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Philosophy, consider'd as a Science, had no ancienter Original than Socrates. Before, it lay in loose and incoherent Sayings, fuch as those of Solon and Thales, and the rest of the Seven Wife Men, who liv'd but in the time of Cyrus. Philosophy of all kinds, has always been a matter of Learning, and confined to learned Men: There never was any one Nation of Pythagoreans, or Platonists, or Stoicks, or Aristotelians; the greatest part of the Nations of the World, never heard so much as of the Names of the most celebrated Philosophers, and know nothing at all of their Doerine.

That Philosophy was defective in its Do&rines is notorious : For, as Lactantius observes, the very Name of Philosophy (invented by Pythagoras, who yet would be thought to have had some supernatural Assistance) implies a Confession of Ignorance, or Imperfection of their Knowledge, and a Profession only to search after Wisdom. And i Pythagoras gave this very reason why he styled himself a Philosopher, Because no Man can be Wise but God only; and yet

this vain Man sometimes pretended himself to be a God. Socrates was the first of all the Philosophers that apply'd himself to the Study of Morality; and khe, who first undertook to render Philosophy useful and beneficial to Mankind, profess’d to know nothing at all certainly, but to disprove the Errors of others, not to establish or discover Truth : In which he was follow'd by Plato ; and before him, 'Democritus, Anaxagoras, Empedocles, and almost all the ancient Philosophers, agreed in this, though they agreed in few things elfe, that they could attain to no certain knowtedge of things. So that, as Tully says, Arcesilas was not the Founder of a new Academy, or Seot of Phi

i Diog. Laërt. in Pythag. Jamblich. vit. Pythag.
k Tull. Acad. Q. lib. i.
1 Vid. Diog. Laërt. in Pyrrhon.


losophers, who professed to doubt of all things ; for he taught no more than what the ancient Philosophers had generally taught before him, unless it were that Socrates profess'd to know his own ignorance of things, but Arceflas would not own himself certain of so much as that. Indeed, the notions of Philosophy were so little convincing, even in the plainest. matters, that many of the greatest Wits took up in Scepticism, or little better. No Man had studied all the Hypotheses of Philosophy more, or understood them better, or had better explained them than Tully; and yet at last all concluded in uncertainty, as he often profeffes : the like may be faid of Varro, Cotta, and others. It would be endless to infist upon the contrary Notions of their Philosophers; "Justin Martyr and others of the Fathers fhew at large the very different and contrary Opinions of the principal of them, not only in things of less moment, but in the Doctrines of Religion and Morality: Whereas the Writers of the Old Testament are both of greater Antiquity than the Philosophers, and of so entire agreement among theinfelves, m that they all speak the fame things, and teach the fame Doctrines, tho' living in different Ages and Countries; because they were buc the Instruments and Ministers in declaring the Divine Truth, God is the Author, who inspired them in allthey wrote; and therefore the Creation of the World, the Formation of Man, the Immortality of the Soul, and a future Judgment, with whatever else is necessary to be known, are deliver'd by them in such a manner, as if all had been uttered by the fame mouth.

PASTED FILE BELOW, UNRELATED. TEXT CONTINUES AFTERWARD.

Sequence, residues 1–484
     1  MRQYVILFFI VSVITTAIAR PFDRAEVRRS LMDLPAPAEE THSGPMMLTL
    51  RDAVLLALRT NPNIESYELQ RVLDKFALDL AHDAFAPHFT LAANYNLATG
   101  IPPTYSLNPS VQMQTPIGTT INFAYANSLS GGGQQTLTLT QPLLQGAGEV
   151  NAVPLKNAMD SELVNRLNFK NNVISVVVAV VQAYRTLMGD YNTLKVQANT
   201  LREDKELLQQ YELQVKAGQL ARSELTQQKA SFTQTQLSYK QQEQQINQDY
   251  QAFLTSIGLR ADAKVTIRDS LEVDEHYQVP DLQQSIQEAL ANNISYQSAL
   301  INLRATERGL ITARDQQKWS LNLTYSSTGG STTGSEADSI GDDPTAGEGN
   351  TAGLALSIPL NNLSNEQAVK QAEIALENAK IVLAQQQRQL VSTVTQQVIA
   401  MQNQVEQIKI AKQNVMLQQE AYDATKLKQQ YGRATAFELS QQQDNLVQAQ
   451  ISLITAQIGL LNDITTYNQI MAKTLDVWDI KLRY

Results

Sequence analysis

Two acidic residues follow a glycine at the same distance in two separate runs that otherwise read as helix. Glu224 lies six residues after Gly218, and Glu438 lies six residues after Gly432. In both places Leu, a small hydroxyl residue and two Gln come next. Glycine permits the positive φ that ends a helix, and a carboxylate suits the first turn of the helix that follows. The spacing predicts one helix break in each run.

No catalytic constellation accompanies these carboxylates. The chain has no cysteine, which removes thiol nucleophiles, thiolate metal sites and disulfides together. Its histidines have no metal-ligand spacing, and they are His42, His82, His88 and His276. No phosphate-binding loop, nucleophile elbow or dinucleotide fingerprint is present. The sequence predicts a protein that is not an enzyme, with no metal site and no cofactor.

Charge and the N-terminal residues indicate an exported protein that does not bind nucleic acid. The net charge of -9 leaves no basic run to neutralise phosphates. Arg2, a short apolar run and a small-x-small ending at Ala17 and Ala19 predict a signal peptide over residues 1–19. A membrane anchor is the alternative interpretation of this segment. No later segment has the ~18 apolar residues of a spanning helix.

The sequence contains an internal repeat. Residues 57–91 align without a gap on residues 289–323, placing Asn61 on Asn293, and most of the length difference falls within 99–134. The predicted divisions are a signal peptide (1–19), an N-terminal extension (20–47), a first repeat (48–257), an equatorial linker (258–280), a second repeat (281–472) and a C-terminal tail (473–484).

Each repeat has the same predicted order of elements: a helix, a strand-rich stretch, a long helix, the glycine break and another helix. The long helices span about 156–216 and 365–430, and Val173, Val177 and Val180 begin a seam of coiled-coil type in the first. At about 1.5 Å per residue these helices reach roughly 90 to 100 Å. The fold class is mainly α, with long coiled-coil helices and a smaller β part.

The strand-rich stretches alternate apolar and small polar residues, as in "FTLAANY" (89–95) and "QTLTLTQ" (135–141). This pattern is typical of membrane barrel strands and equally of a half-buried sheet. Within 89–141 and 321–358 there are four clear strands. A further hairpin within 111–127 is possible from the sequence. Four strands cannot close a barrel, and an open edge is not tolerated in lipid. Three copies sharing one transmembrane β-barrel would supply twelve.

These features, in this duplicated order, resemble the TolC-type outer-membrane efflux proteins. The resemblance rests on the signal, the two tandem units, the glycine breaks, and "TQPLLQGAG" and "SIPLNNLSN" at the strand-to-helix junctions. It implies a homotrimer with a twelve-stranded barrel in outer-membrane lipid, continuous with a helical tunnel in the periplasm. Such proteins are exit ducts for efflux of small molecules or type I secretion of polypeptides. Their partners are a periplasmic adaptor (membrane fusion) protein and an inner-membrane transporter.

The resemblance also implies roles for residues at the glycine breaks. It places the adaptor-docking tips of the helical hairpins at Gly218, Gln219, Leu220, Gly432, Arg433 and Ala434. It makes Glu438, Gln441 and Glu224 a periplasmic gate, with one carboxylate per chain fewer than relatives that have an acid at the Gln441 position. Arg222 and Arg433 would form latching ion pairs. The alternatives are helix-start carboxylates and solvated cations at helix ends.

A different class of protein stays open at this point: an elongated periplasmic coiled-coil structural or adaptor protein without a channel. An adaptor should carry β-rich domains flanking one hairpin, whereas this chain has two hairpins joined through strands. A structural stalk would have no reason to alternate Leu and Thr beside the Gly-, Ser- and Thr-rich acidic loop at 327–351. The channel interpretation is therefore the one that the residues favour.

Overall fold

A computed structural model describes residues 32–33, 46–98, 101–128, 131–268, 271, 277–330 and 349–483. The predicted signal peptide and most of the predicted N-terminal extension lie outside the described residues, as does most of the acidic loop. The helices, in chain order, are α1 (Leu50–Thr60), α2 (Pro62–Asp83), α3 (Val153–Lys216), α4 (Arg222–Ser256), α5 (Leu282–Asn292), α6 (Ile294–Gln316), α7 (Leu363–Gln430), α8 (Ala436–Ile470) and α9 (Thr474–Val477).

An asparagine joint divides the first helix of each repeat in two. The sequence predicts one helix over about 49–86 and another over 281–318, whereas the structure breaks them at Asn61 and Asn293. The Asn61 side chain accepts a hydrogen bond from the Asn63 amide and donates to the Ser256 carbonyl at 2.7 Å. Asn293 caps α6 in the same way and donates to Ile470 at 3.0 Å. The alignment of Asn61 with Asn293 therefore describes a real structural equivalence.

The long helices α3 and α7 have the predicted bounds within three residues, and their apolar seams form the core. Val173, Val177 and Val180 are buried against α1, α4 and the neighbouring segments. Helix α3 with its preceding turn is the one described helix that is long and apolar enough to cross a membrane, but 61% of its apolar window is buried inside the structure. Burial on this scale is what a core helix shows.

The Do&trine, of Philosophy concerning God and Providence, and a Future State, was very imperfect and uncertain, as Socrates himself declared just before his Death: but what could be certain to him, that

Juft. Martyr. Cohort. ad Græc.


profess’d to doubt of every thing? The ^ Errors of the Philosophers concerning Providence, are discovered and confuted by Nemefus, in an admirable Difcourse upon that Subject.. • Varro computed near Three hundred Opinions concerning the Summum Bo« i num; they were so far from being able to give any certain Rules and Directions for the Government of our Lives, that they could by no means agree in what the chief Happiness of Man consists, or what the aim and design of our Actions ought to be. Platos taught the lawfulness and expediency of Mens having their Wives in common; and both Socrates and Cato. must hold a community of Wives lawful, as we learn) from their Practice :, for they lent out their Wives to others, as if it had been a very generous and friend-> ly Ad, and the very heighth and perfection of their: Philosophy. It was a practice both among the P Greeks and Romans, to part with their Wives to other Men, though Mercer thinks the Romans were divorced from their Wives before others took them ; because Cato is blamed for taking his Wife again after the Death of Hortensius, without the Solemnity of a new Marriage. Fornication was so far from being disallowed: by the Heathen, that it was rather recommended as a Remedy against Adulteries by Cato himself, " whoses Intemperance in Drinking was likewise. notorious; Pliny represents it as his greatest Praise, that Men res tained their regard and reverence for him, even wheni they found him in Drink. Many of the Philosophers: held Self-murther lawful, and did themselves fet any Example of it to their Followers. The exposing of